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Getting Started in Forensic Research
Interested in getting involved in computer forensics research? Here's how to start.
- Read the proceedings for the past four years of the DFRWS conference. If a specific article looks interesting, download it and read it!
- Review the proceedings from the past few years of the IEEE/SADFE (Systematic Approaches to Digital Forensics Engineering) workshops. The papers do not appear on the website, but you can generally find them with Google by searching for the title in quotes
- Review the IFIP Working Group 11.9 on Digital Forensics website and look at the proceedings from the past conferences (unfortunately, you can't download the papers and the book costs more than $100, but if you see something interesting it can usually be requested via interlibrary loan) (Some higher education libraries subscribe to SpringerLink which makes full text of these proceedings available to students and faculty as part of the school subscription)
- Search for interesting forensic terms at the ACM Digital Library and CiteSeer
- Review the Sleuth Kit Website. In particular, review the issues of The Sleuth Kit Informer and download a copy of Sleuth Kit for your computer.
Recommended Mailing Lists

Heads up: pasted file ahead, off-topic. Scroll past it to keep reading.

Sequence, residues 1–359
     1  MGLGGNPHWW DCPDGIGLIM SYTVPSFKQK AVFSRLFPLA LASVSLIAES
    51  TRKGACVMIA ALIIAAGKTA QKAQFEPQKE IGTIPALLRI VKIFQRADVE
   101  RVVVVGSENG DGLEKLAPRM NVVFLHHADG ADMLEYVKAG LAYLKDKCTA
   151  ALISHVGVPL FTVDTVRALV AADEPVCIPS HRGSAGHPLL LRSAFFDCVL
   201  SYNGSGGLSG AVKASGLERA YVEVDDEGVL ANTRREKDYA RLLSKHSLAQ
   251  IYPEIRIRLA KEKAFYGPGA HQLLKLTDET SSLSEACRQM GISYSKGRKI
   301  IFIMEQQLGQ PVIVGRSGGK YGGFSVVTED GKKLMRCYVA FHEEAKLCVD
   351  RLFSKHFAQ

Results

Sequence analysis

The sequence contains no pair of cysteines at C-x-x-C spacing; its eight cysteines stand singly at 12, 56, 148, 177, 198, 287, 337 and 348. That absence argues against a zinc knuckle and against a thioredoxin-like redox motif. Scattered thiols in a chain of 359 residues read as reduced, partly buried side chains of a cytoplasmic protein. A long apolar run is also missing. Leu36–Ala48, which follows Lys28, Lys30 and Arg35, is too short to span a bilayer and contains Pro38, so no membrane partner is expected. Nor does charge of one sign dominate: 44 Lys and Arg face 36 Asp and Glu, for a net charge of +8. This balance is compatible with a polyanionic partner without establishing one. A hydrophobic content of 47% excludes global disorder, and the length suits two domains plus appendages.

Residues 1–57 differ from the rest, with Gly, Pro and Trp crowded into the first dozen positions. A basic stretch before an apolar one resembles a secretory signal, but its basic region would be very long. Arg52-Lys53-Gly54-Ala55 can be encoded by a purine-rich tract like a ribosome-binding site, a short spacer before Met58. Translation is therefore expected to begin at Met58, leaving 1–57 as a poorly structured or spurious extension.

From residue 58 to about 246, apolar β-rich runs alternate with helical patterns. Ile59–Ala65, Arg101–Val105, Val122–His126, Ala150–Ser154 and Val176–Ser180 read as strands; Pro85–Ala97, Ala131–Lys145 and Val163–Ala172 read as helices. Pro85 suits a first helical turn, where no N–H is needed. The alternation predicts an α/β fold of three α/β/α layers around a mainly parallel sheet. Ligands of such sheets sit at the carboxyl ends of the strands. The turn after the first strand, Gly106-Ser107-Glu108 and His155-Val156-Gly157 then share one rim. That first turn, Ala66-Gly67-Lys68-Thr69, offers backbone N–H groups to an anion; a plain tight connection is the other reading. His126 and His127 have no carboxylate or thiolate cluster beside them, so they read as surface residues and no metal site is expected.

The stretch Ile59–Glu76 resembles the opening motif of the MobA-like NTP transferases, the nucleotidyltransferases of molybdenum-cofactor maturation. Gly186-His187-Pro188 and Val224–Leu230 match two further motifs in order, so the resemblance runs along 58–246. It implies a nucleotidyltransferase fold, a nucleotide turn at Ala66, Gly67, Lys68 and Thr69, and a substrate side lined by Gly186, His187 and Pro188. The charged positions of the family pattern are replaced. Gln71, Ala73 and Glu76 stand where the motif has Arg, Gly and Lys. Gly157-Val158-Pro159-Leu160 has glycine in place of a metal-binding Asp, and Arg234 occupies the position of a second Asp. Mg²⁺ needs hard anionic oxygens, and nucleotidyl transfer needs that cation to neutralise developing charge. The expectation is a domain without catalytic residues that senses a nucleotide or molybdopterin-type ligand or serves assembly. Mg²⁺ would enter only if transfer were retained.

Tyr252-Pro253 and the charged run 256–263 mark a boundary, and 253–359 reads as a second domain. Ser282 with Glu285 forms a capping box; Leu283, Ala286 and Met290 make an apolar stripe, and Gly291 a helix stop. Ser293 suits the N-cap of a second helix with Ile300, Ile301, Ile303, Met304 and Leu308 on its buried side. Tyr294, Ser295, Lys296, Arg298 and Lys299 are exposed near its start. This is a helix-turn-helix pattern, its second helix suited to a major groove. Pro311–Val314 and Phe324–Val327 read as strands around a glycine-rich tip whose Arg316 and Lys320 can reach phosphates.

Setting up a C++ development environment
Many people working in forensics find it useful to be able to compile their tools from source code. Most of the tools compile on Linux, Mac, and within the Cygwin environment under Windows.
Because all of these tools build upon one another, it is important to compile and install them in the order specified below.
- Download a copy of libewf and install it on your computer. This will allow your forensic tools to read and process EnCase E01 disk images.
- Download a copy of Sleuthkit and install it. SleuthKit is the basic open source computer forensics tool that allows the extraction of files from disk images. You can use it to recover deleted files.
If you are interested in doing file recovery, you may also wish to explore:
- SleuthKit, above
- PhotoRec, a file carver.
- Adroit Photo Recovery, a commercial photo recovery tool that's pretty amazing.
If you want to experiment with automated computer forensics research, try these:
- Bulk Extractor, a program from the Naval Postgraduate School that searches a disk image for email addresses and prints a histogram.
- fiwalk, a program that processes a disk image and outputs an XML or ARFF file containing information about all of the file system metadata. fiwalk is now part of SleuthKit.
Exercises for the Reader
- Download the file nps-2009-canon2-gen6.raw from the Digital Corpora website and try to recover as many files as you can. Some of the JPEGs can only be found using file carving, and some can only be found with fragment recovery file carving.
- Can you determine when the photos were taken?
- Can you determine where the photos were taken?
- Can you determine the username of the person who took the photos?
- Can you determine the clock offset of the camera from real time?
- Download the file usbnist1.gen3.aff and find the government documents that were stored on the USB device.